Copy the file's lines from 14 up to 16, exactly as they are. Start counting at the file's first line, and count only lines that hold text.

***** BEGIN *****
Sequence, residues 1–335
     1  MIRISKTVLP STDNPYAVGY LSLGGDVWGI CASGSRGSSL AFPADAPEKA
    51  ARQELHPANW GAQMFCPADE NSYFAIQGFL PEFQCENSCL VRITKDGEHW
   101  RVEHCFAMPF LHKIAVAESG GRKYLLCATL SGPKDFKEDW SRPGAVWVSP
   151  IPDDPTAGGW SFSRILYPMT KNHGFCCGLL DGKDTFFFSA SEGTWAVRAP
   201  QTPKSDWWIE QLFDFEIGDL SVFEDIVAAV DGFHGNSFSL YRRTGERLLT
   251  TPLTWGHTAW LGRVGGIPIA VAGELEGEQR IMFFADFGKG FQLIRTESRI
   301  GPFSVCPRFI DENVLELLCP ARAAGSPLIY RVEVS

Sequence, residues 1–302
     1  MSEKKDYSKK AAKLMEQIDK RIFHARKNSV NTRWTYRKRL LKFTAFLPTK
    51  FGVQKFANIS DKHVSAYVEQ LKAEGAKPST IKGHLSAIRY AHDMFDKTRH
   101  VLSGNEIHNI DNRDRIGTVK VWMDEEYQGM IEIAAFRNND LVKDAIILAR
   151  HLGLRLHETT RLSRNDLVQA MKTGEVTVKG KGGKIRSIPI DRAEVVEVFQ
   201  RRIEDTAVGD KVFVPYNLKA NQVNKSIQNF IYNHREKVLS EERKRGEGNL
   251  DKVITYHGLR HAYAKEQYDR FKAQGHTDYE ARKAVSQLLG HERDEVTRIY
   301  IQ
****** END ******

   201  RRIEDTAVGD KVFVPYNLKA NQVNKSIQNF IYNHREKVLS EERKRGEGNL
   251  DKVITYHGLR HAYAKEQYDR FKAQGHTDYE ARKAVSQLLG HERDEVTRIY
   301  IQ